Vaginal delivery was planned in 69% (869) and caesarean section was planned in 31% (393) as shown in figure 1. Of patients planned for caesarean section, 14% (53) delivered by emergency caesarean section of which 47% (25) were for cardiac reasons (heart failure, n=13; acute coronary syndrome, n=1; arrhythmia, n=5 and ischaemic cerebral event, n=1; specific indication not stated, n=5) and 53% (28) were for obstetric reasons. We had no information about the place of delivery in 7.5% (99 patients). Two-third (864 patients) of the patients delivered in a tertiary centre, 27% (361 patients) delivered in regional centres and 0.5% (7 patients) delivered at home.
Outcome related to planned mode of delivery
The outcomes of the planned vaginal delivery and planned caesarean section are shown in table 1A. In terms of outcome, the planned caesarean section group had higher rates of maternal death, 2% versus 0.6% (p=0.018), postpartum heart failure, 8.4% versus 3.9% (p<0.001) and PET, 5.9% versus 2.3% (p=0.001). Fetal outcome was better in the patients who had a planned vaginal delivery, with longer pregnancy duration (p<0.001) and higher birth weight (p<0.001; table 1) even after correction (p=0.013).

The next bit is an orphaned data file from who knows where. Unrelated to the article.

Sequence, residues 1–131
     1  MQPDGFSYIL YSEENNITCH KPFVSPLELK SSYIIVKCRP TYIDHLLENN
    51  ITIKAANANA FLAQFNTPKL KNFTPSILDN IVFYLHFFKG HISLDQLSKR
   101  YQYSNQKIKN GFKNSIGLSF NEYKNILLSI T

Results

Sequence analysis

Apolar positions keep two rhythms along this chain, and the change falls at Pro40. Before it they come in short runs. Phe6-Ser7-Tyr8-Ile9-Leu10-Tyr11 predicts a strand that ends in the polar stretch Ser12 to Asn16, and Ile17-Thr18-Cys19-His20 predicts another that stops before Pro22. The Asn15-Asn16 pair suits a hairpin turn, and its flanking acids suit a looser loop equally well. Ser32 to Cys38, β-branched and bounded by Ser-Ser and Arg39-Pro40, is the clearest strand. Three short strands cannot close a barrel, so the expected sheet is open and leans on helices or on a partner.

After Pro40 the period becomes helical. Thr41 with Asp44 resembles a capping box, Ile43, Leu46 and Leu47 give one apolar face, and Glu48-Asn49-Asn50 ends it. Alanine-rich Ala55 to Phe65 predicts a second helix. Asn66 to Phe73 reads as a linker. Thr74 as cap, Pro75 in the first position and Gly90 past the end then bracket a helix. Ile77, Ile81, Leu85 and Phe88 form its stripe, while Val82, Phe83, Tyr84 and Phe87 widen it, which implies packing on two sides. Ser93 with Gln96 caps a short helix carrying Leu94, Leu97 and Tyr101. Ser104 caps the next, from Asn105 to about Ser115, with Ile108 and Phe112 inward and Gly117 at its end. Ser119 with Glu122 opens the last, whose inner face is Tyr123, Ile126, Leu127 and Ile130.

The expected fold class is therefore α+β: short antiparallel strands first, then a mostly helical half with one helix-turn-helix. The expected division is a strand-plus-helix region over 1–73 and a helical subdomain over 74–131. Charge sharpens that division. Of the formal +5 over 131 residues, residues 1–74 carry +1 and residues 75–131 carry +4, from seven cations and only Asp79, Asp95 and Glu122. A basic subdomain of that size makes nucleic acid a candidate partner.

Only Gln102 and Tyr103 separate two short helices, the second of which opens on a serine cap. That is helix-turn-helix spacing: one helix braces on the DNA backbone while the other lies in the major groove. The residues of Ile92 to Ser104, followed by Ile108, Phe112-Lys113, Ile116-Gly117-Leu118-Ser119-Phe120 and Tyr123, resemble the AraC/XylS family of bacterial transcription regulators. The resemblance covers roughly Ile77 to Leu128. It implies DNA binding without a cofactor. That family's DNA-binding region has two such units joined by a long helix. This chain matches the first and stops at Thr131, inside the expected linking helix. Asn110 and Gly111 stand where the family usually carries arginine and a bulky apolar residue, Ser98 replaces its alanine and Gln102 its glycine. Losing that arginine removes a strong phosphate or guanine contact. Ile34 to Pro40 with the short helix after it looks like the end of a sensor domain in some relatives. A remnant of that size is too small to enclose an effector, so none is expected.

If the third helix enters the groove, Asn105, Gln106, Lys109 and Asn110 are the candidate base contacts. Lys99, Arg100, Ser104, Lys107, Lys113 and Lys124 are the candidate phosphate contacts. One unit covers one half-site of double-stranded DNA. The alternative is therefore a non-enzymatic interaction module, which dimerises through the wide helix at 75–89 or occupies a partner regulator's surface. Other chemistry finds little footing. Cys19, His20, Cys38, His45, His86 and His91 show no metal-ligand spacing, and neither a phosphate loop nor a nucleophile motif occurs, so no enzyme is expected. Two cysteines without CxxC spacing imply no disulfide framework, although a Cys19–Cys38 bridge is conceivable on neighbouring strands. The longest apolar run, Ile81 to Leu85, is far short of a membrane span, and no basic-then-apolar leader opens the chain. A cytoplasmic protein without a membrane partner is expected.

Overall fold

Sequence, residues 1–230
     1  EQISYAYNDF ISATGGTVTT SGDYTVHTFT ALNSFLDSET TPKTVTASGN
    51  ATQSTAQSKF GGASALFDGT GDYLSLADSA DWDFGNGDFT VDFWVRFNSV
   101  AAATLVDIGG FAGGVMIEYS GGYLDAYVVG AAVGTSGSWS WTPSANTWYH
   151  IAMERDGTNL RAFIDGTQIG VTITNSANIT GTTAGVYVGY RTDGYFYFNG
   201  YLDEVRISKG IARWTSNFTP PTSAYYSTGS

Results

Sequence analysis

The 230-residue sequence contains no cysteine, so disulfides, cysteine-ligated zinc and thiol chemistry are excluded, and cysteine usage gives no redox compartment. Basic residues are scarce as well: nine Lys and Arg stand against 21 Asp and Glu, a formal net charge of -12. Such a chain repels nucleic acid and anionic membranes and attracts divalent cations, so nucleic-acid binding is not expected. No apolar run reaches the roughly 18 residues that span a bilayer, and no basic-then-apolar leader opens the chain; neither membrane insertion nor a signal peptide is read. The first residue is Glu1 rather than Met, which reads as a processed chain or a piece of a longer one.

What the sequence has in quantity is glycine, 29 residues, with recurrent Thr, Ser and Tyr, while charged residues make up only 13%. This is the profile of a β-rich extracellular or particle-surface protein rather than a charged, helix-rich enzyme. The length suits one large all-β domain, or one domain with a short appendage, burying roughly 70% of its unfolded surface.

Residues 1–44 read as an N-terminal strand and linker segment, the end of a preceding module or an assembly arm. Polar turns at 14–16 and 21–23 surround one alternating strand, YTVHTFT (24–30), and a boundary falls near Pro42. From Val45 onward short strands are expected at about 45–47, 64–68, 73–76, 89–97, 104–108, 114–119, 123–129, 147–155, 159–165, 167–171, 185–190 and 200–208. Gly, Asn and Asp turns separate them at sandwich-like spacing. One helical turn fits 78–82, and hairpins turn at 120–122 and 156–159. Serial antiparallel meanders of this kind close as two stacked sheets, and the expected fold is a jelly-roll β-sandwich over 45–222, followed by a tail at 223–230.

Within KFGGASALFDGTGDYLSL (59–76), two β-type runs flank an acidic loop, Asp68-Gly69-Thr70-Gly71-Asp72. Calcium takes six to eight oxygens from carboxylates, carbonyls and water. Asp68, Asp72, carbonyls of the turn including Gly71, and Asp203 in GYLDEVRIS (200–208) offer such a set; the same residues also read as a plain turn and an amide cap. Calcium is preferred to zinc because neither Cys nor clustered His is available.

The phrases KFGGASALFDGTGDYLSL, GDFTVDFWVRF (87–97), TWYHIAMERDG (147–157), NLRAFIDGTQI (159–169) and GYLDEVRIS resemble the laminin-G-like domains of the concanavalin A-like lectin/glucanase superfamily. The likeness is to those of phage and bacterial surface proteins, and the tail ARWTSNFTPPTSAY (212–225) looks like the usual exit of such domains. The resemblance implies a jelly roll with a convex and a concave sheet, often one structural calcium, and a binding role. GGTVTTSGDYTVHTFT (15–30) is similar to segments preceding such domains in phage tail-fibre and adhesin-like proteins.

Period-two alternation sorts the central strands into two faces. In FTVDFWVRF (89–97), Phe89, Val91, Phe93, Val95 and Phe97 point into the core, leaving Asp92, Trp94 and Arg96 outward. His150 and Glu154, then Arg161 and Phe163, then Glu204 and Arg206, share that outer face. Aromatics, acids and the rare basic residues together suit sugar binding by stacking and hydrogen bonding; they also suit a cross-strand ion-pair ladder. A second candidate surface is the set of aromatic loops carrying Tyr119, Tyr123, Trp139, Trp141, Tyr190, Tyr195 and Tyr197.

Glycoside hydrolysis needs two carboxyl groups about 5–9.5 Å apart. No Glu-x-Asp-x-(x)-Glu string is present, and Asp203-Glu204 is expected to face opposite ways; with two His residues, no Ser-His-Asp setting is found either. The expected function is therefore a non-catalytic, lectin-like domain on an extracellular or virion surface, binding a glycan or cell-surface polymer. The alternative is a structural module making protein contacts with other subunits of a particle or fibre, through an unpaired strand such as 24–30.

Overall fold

Outcome related to indication for caesarean section
The outcomes of the cardiac and obstetric planned caesarean sections are shown in table 1B. At baseline, in the cardiac planned caesarean section, there are more cases of valvular heart disease, and cardiomyopathy, with worse overall NYHA score and greater anticoagulant use. In terms of outcome, the cardiac indicated caesarean section had greater maternal mortality (4.7% vs 0% (p<0.001)), but similar rates of postpartum heart failure and haemorrhage. Perinatal and neonatal mortality and birth weight were similar, but gestational age at delivery was greater in patients who had a planned caesarean section for obstetric reasons (p=0.020).
Outcome related to type of caesarean section performed: emergency versus elective caesarean section